Jorge Rojas


Please explain what you do for a living.

I am an attorney in Reed Smith LLP’s Complex Litigation Group. Although my litigation practice encompasses a broad range of commercial cases, I focus on commercial disputes stemming from contractual agreements, class action litigations, restrictive covenants work, and other complex business disputes.

How important in your identity is being Latino?

Very. I am inextricably linked to my Latino roots – emotionally, intellectually, and in every other measurable sense. My ethnicity, heritage, and the cultural context in which I grew up has forged my identity. Additionally, the Latino culture’s underlying work ethic and overall commitment to honesty and integrity has helped me develop as an attorney. Who we are, where we come from, is important, and Latinos in the professional sphere have a responsibility, not only to further the interests of the Latino voice in the community and public sector, but to excel in our respective professions and represent the values that have made the Latino community the bedrock of America’s workforce.

Is there something that you particularly value of your nationality or being Latino?

There are several aspects of being an Ecuadorian and a Latino that I value, but there are two traits common to both my nationality and ethnicity that I constantly appreciate: an unwavering sense of optimism and uncompromising respect for others. “Manners maketh man,” goes the saying, and no other culture embodies the principles of respect, empathy, and concern for the wellbeing of others quite like the Latino culture does. I treasure those core values and implement them in my daily life. Similarly, I learned from a very young age that, in life, our attitude is the only thing we have absolute control over. My father used to tell me: “there are no problems, only challenges.” Not a day goes by that I don’t recite those words, especially in the legal field, where challenges are aplenty.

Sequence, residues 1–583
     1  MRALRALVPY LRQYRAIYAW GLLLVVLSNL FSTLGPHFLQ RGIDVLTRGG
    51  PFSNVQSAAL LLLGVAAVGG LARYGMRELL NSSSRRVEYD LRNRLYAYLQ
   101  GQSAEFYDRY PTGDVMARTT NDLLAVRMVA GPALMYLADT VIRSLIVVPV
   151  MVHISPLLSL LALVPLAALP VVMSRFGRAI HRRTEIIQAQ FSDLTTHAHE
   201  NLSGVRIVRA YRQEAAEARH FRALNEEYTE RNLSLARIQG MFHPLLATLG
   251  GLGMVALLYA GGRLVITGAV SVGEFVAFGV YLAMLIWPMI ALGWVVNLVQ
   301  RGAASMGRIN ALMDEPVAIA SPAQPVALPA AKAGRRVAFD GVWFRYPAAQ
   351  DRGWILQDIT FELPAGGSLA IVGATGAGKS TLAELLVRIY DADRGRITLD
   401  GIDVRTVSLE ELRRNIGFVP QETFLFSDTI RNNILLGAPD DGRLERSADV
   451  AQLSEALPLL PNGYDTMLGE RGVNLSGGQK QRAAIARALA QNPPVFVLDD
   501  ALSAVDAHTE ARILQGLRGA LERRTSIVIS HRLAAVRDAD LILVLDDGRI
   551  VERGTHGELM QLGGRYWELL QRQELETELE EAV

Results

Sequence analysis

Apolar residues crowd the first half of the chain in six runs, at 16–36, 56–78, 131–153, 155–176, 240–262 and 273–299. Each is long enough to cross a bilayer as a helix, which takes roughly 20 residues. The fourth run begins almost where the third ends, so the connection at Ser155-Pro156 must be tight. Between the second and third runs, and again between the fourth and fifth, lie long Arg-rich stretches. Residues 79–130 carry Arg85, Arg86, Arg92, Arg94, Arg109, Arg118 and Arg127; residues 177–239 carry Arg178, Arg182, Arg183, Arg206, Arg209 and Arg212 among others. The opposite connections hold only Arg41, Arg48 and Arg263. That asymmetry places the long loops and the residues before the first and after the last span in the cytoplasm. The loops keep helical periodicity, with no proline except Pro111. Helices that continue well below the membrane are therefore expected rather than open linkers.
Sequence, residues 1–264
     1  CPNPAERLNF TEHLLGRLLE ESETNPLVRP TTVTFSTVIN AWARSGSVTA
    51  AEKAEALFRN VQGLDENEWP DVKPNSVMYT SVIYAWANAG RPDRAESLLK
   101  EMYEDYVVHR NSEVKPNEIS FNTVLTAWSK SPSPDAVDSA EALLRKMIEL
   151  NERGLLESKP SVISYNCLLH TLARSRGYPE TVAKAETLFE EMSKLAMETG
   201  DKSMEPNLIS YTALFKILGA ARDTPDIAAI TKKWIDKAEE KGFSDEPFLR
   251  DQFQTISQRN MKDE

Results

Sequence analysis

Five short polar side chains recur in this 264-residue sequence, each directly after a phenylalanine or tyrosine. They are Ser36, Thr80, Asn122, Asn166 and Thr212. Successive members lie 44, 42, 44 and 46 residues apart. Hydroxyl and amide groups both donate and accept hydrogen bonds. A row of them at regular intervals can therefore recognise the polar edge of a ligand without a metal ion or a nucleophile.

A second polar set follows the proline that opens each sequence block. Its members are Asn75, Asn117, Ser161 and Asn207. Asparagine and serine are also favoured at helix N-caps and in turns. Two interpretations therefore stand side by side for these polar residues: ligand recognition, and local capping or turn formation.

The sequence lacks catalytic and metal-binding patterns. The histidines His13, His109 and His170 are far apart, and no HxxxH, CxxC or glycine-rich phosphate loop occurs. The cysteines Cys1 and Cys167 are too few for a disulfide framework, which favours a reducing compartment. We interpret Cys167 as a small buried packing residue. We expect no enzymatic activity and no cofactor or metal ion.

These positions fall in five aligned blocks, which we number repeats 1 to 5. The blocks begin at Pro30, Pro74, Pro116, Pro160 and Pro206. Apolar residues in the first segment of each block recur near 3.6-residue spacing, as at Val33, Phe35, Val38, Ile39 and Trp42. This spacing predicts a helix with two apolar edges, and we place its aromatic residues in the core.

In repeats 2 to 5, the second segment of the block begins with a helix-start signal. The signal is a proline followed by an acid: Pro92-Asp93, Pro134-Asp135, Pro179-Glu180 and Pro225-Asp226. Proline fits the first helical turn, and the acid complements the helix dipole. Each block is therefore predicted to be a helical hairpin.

Have you been treated differently because of being Latino (in the workplace, in public settings…etc.)?

Although such things are not easily forgotten, through the years, I have made a concerted effort to draw positive lessons from any negative or discriminatory experiences associated with where I was born, what my name is, or the color of my skin. That takes discipline, patience, and understanding. The greatest soccer player of all time once said, “la bronca es mi combustible,” which loosely translates into “my frustration is my fuel.” I tell my younger brothers, one of whom is about to start college: focus on yourself, do the right thing, be kind to others, and learn to deflect the negativity you don’t need. If you can’t, then let it drive you. That’s how I see it, anyway.